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Breaking Up Can Be Easy to Do

Several years ago, we published an article titled Breaking Up Is Hard to Do. That article discussed how important it is for partners to have a clear understanding of what happens when it is time to end the partnership or association.

It is important to note that business marriages, like other types of marriages, rarely end totally amicably. For that reason, there should be an agreed-upon mechanism for partners, be they individuals or corporations, to end the relationship. This is usually accomplished by selling the business to an independent third party or for one partner to buy out the other.

Breaking Up Can Be Easy to Do

This is often accomplished through a legal contract, often called a buy-sell agreement, that can be triggered by either party in the partnership. We wrote that a buy-sell agreement should include several provisions, one of which is a formula for determining the price that one partner will pay the other for the ownership interest that he/she does not already own.

One method that can be applied is a business valuation. In a related article, How Can My Partner and I Value Our Company, we discussed different methods of valuing a business. Valuing a company can be helpful but not always conclusive, so many buy-sell agreements include provisions with often funny, even unusual names. Here are a few:

  • Russian Roulette
  • Texas Shoot-Out (or Savoy Clause)
  • Dutch Auction (or Mexican Shoot-Out)

These provisions are used to avoid a deadlock so that the parties have an easier way to establish a selling price and end the relationship in a straightforward manner. Let’s describe and define some of these terms.

Russian Roulette

A Russian roulette clause in a contract requires that each owner of a company has the right to offer his shares to the other party for purchase at a specified price. When the other owner receives such an offer, he can either accept the offer and become the sole shareholder or he can sell his shareholding to the co-owner at the same, binding price.

For example, John and Betty own a chain of 5 pizza restaurants. John is ready to retire and wants to sell the chain to another buyer or, if Betty is interested in buying the business, to Betty. Fortunately, they planned for this and incorporated a Russian Roulette clause into their buy-sell agreement and Betty wants to buy John’s ownership interest in the business. John offers to sell his ownership interest in the business to Betty for $450,000 and Betty accepts. If Betty had not accepted, then John would have been obligated to buy Betty’s shares. In that event, after acquiring Betty’s shares, John would have then sold the business to an independent third party so that he could retire.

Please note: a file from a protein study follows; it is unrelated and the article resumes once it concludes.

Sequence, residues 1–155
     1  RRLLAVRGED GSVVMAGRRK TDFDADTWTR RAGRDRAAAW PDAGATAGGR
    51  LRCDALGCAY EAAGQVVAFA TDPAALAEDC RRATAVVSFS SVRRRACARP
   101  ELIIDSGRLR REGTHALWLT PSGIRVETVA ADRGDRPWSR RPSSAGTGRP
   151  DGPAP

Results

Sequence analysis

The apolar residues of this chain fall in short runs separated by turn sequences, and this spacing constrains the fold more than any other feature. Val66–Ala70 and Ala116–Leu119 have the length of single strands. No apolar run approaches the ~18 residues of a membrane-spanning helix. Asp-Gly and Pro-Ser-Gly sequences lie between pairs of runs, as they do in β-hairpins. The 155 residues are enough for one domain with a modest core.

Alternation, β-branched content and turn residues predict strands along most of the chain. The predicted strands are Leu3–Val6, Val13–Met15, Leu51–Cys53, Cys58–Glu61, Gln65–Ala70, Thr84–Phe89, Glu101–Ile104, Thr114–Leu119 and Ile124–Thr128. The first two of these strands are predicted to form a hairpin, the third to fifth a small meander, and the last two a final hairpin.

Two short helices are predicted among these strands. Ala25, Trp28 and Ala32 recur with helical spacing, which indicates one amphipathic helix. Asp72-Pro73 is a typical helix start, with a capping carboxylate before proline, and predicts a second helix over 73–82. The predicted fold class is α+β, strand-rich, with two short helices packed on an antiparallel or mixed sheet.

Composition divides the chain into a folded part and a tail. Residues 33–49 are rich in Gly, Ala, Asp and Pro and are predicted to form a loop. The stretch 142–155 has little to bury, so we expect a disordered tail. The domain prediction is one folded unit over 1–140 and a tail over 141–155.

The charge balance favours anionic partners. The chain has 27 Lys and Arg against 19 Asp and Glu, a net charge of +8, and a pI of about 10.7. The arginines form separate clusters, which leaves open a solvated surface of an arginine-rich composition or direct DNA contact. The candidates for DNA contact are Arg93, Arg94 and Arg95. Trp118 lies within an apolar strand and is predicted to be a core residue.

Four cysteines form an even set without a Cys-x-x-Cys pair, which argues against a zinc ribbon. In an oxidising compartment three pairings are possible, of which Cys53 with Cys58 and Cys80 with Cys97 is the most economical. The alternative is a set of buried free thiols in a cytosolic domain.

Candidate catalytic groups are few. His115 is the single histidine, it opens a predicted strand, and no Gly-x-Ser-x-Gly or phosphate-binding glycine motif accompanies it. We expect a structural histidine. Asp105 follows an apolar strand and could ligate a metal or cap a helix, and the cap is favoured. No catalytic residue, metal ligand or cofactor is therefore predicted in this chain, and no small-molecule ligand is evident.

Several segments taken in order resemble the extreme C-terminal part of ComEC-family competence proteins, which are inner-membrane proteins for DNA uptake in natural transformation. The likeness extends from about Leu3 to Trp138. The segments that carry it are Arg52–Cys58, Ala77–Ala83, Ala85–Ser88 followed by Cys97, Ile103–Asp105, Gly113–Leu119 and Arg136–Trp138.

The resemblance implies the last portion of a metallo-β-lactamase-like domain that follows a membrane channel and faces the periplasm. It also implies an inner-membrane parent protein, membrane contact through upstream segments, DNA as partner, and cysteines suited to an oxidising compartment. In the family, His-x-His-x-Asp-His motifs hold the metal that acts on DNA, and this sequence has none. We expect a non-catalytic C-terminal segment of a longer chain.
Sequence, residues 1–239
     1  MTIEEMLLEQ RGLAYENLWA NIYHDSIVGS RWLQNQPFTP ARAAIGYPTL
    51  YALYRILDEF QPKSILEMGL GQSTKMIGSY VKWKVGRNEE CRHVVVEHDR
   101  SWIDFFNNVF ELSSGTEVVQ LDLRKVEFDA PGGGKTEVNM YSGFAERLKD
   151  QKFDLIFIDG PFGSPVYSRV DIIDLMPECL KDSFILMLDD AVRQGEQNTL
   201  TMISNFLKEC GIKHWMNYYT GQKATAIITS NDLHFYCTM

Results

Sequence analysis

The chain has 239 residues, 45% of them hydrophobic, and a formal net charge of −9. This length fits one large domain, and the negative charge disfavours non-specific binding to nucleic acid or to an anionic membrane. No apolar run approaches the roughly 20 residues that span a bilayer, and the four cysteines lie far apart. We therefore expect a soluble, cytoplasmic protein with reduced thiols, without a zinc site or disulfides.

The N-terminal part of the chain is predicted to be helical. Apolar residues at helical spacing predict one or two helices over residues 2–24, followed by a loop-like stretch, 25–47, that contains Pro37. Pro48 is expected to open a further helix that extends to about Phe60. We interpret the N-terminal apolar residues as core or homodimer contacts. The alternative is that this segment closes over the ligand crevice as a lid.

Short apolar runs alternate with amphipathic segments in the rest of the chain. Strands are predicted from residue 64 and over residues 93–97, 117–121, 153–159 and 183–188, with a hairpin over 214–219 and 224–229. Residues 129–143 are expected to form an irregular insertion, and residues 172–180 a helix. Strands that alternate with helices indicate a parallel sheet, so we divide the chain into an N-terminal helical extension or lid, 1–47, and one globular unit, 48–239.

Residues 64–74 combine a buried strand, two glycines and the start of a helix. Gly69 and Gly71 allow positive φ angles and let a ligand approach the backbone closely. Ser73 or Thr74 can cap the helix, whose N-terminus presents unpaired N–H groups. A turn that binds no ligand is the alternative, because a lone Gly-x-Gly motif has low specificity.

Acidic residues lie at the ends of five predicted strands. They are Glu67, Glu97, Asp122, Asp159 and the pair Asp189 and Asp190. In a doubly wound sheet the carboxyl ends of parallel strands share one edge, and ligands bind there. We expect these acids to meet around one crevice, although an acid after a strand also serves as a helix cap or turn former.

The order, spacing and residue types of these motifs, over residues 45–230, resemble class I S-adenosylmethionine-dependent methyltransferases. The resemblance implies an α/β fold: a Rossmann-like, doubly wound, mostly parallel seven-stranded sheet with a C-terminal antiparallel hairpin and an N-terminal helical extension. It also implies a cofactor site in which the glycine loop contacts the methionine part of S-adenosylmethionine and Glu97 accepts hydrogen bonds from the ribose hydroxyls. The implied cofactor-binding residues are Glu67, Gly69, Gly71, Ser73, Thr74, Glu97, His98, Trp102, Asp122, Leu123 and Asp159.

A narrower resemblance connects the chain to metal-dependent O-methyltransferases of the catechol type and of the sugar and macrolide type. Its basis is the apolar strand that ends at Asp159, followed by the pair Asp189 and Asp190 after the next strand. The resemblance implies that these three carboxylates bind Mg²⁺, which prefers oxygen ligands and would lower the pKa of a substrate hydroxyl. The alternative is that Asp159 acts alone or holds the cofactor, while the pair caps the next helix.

Texas Shoot-Out

The Texas Shoot-Out clause takes Russian Roulette to the next level. In a Texas Shoot-Out (also sometimes referred to as a Savoy Clause), each owner has the right to make an offer for the other owner’s shares at a specific, written price. The other owner can then accept the offering shareholder’s price or can offer a higher price to purchase the shares owned by the original offeror. The original offeror can then accept the new price offered by the other shareholder or offer an even higher price. In essence, the shoot-out becomes an auction until one owner or the other accepts the highest bid.

The Dutch Auction

In a Dutch Auction, also referred to as the Mexican Shoot-Out, the owners submit written, sealed bids, and the shareholder who submits the highest price wins and is obligated to buy the shares of the other owner or owners if there are more than one. There are alternatives to this structure. For example, an owner can offer to sell shares at a certain price and then the other owners can offer a lower price or bid until there is an agreement between two or more of the owners.

Financing the Transaction

Now that a transaction has been agreed to, the owner who is buying out the other partner may have to finance the acquisition. He or she may have to seek external capital, either through a bank loan or taking on an investor (or new partner).

The logical next step is to prepare a professional business plan, financial forecast, and pitch deck that will communicate the benefits of lending to or investing in the company. Many entrepreneurs will immediately contact our firm for guidance, advice, and assistance with the preparation of these important documents.

Jimmy's background includes over 40 years in international, commercial, and investment banking, and nearly a decade as the principal shareholder and CEO of a rapidly growing manufacturing and distribution business in California. Today, Jimmy spends his time advising and consulting with entrepreneurs on matters related to business planning, as well as capital markets and funding strategies. Jimmy works with clients throughout the world in industries that include financial services, real estate, manufacturing and hospitality. View details.

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